"At the Breathe Project, we are all about building a community with everyone involved; young and old, & we strive to deliver both professional youth work and youth ministry. We aim to provide an environment that is safe, nurturing and loving; this is a constant throughout all our work and allow us to build meaningful relationships."

During lockdown, the Breathe project had to think about how to move the “Breathe family” online and stay connected with young people. They devised an online programme which was a mix of drop ins, games, committees, and one-to-one support. They also had Netflix nights where everyone watched films together. 60-90 young people engaged with the project during that period – some sessions had 5 young people at them, others 25.

What they did

As soon as it was possible, they began more face-to-face outdoor activities. Breathe has very successfully developed a Saturday “Walk and Talk” programme in Aberfeldy where young people and youth workers walk in the local area and have conversations. Simple, but effective!

They also decided to build on their experience of outreach youth work (Breathe works with young people across Highland Perthshire) and provide outdoor youth drop-ins.

Making it happen

To deliver the youth drop-in sessions the Breathe team put together a “pop-up drop-in kit” consisting of a small marquee, inflatable furniture, carpets, plants etc.– everything you would have in your youth centre. They wanted to create a “lounge feel” so young people would feel welcome – not a cold, draughty marquee.

The kit is all flat packed and can be popped up in 22 minutes – that is the record! 99% of the items in the marquee are battery operated, so a power supply is not needed.

Breathe has recently bought a van so it is easy to transport the kit, but before that they were able to take everything in a car.

To be able to run the drop-in sessions they needed to risk assess the activity and think about before, during and after in terms of Covid-19.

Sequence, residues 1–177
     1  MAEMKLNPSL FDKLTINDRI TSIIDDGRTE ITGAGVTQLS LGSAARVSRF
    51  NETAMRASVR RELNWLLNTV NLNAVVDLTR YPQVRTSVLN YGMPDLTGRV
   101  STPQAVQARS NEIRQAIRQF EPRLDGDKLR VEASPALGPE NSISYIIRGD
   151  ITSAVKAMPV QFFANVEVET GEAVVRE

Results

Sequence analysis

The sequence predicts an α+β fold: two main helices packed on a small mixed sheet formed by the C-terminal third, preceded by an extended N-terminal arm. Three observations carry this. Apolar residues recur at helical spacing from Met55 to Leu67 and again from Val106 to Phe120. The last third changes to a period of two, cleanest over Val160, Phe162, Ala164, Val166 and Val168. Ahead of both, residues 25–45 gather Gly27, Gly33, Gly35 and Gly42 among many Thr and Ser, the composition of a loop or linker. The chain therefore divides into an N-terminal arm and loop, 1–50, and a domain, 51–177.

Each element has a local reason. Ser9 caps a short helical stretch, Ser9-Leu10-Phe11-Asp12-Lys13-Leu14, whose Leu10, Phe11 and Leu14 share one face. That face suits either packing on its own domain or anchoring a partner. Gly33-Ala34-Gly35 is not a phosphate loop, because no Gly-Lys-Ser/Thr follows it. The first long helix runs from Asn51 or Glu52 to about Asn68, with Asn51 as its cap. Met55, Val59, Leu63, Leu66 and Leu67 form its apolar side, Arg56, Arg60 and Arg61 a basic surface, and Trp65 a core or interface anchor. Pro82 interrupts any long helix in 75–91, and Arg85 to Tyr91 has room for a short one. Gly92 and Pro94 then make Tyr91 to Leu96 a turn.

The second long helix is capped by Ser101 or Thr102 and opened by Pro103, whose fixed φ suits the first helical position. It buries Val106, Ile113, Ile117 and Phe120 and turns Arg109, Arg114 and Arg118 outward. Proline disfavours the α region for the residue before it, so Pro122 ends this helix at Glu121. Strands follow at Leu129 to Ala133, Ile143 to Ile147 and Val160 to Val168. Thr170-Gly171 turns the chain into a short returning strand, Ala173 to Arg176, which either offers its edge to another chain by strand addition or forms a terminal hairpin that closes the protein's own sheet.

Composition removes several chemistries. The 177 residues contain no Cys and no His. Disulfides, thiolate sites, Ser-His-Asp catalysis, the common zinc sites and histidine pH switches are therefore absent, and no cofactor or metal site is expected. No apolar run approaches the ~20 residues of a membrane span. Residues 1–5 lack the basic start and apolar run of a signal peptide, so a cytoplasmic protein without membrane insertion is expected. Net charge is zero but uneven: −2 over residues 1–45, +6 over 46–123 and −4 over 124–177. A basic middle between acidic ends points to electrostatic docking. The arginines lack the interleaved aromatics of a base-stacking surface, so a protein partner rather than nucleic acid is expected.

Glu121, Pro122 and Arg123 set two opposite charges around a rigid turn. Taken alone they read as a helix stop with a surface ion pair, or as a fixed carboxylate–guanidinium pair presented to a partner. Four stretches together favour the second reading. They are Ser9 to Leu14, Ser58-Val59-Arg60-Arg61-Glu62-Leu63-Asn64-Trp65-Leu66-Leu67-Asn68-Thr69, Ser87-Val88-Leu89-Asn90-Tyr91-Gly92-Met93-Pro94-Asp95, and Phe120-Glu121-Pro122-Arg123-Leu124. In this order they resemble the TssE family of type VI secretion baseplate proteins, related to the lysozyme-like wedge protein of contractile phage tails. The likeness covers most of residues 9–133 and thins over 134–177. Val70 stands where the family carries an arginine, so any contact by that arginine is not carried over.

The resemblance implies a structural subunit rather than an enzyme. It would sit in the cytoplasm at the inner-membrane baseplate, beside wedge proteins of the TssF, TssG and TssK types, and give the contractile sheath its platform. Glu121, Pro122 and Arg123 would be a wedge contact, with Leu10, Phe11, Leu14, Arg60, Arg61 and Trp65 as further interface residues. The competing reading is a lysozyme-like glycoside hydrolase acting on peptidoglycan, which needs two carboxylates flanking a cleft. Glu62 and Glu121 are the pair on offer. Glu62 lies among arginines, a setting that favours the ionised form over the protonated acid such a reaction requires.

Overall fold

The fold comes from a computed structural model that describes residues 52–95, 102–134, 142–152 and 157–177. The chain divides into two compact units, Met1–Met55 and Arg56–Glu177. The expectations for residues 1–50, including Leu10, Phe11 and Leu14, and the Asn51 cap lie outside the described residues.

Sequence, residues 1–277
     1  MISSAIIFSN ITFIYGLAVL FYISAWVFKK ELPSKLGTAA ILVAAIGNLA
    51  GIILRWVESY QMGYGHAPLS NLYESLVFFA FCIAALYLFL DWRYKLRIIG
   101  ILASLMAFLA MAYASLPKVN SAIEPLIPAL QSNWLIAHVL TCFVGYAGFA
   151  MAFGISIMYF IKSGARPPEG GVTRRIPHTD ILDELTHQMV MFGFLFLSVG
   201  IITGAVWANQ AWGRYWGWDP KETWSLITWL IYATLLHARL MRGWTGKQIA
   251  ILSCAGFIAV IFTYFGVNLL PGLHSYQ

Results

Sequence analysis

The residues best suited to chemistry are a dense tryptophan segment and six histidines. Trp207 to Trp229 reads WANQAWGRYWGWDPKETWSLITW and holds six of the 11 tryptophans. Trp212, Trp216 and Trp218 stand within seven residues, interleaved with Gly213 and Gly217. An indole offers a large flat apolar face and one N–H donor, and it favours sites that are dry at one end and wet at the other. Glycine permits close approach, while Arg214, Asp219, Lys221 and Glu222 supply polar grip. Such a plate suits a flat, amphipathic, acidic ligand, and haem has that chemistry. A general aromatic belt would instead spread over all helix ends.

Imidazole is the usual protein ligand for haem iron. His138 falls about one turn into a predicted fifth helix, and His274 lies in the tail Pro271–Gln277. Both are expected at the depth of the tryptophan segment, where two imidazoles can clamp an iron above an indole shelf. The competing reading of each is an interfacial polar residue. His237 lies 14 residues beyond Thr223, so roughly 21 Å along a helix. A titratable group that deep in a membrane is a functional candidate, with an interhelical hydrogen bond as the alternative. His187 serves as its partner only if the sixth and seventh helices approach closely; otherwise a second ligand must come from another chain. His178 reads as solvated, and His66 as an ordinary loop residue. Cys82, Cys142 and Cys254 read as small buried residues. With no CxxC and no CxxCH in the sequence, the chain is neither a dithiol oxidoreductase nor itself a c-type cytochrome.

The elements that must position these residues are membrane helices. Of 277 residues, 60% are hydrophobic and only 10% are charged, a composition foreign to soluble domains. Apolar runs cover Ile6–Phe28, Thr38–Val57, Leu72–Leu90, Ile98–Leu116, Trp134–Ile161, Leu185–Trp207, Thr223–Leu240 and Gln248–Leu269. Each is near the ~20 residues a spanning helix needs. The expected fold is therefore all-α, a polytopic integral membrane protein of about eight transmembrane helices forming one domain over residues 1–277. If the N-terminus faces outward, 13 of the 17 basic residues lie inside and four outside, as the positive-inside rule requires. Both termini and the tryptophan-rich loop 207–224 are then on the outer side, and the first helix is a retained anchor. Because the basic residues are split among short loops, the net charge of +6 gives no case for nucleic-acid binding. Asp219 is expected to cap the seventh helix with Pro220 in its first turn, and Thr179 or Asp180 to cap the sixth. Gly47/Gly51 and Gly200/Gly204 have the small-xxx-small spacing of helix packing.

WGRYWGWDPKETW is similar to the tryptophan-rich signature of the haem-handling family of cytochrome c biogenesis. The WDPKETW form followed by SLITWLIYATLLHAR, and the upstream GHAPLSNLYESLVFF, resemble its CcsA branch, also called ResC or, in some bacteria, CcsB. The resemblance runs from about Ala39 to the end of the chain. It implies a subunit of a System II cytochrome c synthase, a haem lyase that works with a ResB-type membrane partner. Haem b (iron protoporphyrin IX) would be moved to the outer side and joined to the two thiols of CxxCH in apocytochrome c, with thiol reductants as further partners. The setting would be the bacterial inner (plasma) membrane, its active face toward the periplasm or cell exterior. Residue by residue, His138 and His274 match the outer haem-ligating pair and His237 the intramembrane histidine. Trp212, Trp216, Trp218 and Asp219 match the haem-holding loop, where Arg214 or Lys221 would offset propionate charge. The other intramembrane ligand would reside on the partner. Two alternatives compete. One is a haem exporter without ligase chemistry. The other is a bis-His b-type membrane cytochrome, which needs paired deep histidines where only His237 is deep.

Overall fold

It is not enough to risk assess the “pop-up drop in kit” they also had to risk assess the sites they are taking it to. For example, in one place they had to say “no ball games” due to the proximity of the road, but in most places football is okay.

Things to consider

Challenges of doing it outside

There was no way to provide a “pop up toilet” so Breathe need to let everyone know that there are no toilet facilities, so participants can take that into consideration before they decide to attend.

Over the summer the sides of the marquees were opened to have more space and ventilation. It is now getting too cold to do that and they also began to use gas heaters. This means the team will use the kit less until February/March time.

The cleaning/maintaining and transporting all the kit have been a bit of an issue at times too.

Benefits of doing it outside

Breathe have been doing outreach youth work for a long time, but Covid-19 brought a new dimension to the work.

The pop-up kit gave the youth workers the ability to engage with young people where they are – not just mentally, but also physically in their own place.

It was freeing to not be dependent on the centre being accessible. It is something that they will continue to use in the future, even after Covid-19.

Costs & funding

The whole kit including the van and staff costs cost £20,000. Without the van the costs were approximately £5000. Breathe got funding from #shiftthepower Corra Foundation, Foundation Scotland, and The Robertson Trust with match funding from Aberfeldy Parish Church to buy the kit and van.

Top Tips

  • Think about how you can create a home from home and take the atmosphere from your youth centre outside.
  • Ask young people. This project was led by a couple of young people who had the idea, came up with a plan and presented it to the team who took it forward from there.
  • Risk assess and think about the sites you are taking the drop-in kit to as well as the activities.
  • Make sure you give a good welcome. “Our young people missed their “Breathe family” more than anything, so we made sure we greeted them outside the marquee without wearing masks, which we wore inside the marquee”

Who can help?

Youth Link ScotlandWorking with the Youth Work COVID-19 Recovery Group Youth Link Scotland continue to keep the sector up to date on guidance from Scottish Government.

Youth Scotland - To complement the official guidance Youth Scotland has produced a practical Action Plan, Risk Assessment template and Risk Assessment Example for groups to work through. They have also put together a set of Covid-19 safety posters and an example building plan for groups to use.

Visit the Breathe Youth Project website